Adventures in interpretation: Negroes with Guns edition

Out of curiosity checked out what Kevin Drum had to say about the Heller ruling. He doesn’t really elaborate much on his own view, except to doubt that the threat of confiscation swayed anyone outside of an “extremist fringe” (whatever that means: chances are, your fringe ain’t my fringe…). As is usual with blogs of the more tolerable “progressives”, the comments got overrun by walking statist-liberal stereotypes, one of whom sneered the following in response to a comment by a proud “armed socialist”:

Dr. Morpheus: I’m still a socialist, but I’m an armed socialist.

That worked out real well for the Black Panther Party.

I guess on a superficial level you can say his sarcasm was correct — the Panthers dissolved, and no longer exist except as a stolen name slapped on a group that has nothing to do with them. But considering the reaction to the Black Panthers and their enthusiastic embrace of the right to bear arms, wouldn’t it be more accurate to say that the image of armed left-wingers — and armed BLACK left-wingers at that — struck a nerve, revealing what the real fear of the political elite was?

Call it tinfoil-hattery if you wish, but I don’t think it’s far-fetched to consider whether the mainstream “liberal” embrace of gun control rose from the tender sensibilities of the political elite being offended by the above scene. Ironic, when you find out who first agreed with them on preventing that from happening again, and realize that before then the precedent for disarmament in the U.S. was set in the Jim-Crow era south…

To put it another, simpler way: if the “latte-sipping limousine liberal” slur were not a right-wing tool for portraying themselves as populists, but a comment by the anti-state Left that amounted to shorthand for questioning their “people power” bonafides in light of crap like this, I’d actually agree with its use.

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About b-psycho

Left-libertarian blogger & occasional musician.
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3 Responses to Adventures in interpretation: Negroes with Guns edition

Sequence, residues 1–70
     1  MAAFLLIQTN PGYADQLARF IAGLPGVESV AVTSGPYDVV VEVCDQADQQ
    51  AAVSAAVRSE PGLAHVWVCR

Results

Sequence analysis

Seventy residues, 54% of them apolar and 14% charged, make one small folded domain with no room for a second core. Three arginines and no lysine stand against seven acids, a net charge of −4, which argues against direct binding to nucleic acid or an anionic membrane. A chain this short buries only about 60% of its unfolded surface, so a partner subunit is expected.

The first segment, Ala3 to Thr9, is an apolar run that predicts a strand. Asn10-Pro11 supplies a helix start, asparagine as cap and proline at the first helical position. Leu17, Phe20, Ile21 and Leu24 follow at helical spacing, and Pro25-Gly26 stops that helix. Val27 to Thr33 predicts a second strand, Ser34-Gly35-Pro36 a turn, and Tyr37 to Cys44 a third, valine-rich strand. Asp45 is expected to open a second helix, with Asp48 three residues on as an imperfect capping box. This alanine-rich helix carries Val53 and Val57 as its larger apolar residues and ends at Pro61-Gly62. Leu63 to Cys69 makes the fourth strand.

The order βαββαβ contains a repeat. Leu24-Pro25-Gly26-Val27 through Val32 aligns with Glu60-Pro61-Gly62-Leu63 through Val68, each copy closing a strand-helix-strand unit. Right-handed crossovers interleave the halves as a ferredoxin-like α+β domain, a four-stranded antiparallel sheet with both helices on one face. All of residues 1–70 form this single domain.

1. Pingback: Pages tagged "elaborate"

  2. Jeremy says:

    To put it another, simpler way: if the “latte-sipping limousine liberal” slur were not a right-wing tool for portraying themselves as populists, but a comment by the anti-state Left that amounted to shorthand for questioning their “people power” bonafides in light of crap like this, I’d actually agree with its use.

    Exactly. Actually, Dylan Waco made a good point about conservatives and this kind of black nationalism:

    The truth is that conservatives, traditionalists and other “small is beautiful” folks, can only dream of an authentic black nationalist getting anywhere near the White House. While black nationalism has its ugly and unrealistic side (the obsession with reparations for slavery, topping the list), the reality of the matter is that the basic program and dominant themes of black radicalism would be a marked improvement for our society. Small bands of self-reliant families, that are reflexively opposed to the corporate cartel class and the big government welfare statism of the modern world do not endanger whites, America or White America. Conservatives who know nothing about black nationalist and black power movements have created a “black radical” straw man, without understanding what in fact such radicalism has historically represented. That the same people who rant about the dangers of an Obama presidency, regularly cite Booker T. Washington as an appropriate model for black Americans, is a telling example of how clueless many of these people are (Obama is above all a globalist. Washington was a conservative black nationalist).

    More demonstration of what we already know: popular, white conservatism is incoherent, defined by using whatever means necessary to achieve de-facto white supremacy, to the extent they think it’s achievable.

  3. b psycho says:

    It’s amazing actually just how easy it is to convince conservative whites that any politically active black is a radical, especially when you contrast their image with what it would mean in practice. Even if black nationalism DID mean what they thought it did, that’d just be reason for them to be glad that Obama wasn’t part of that, instead of acting like he is. In light of what his campaign really means, there should be a lot more “Obamacons” than there actually are.

    In relation to Dylan’s point about black nationalism: there was a quote I remembered of Rothbard co-signing a comment Malcolm X made. Lost the original source, unfortunately.

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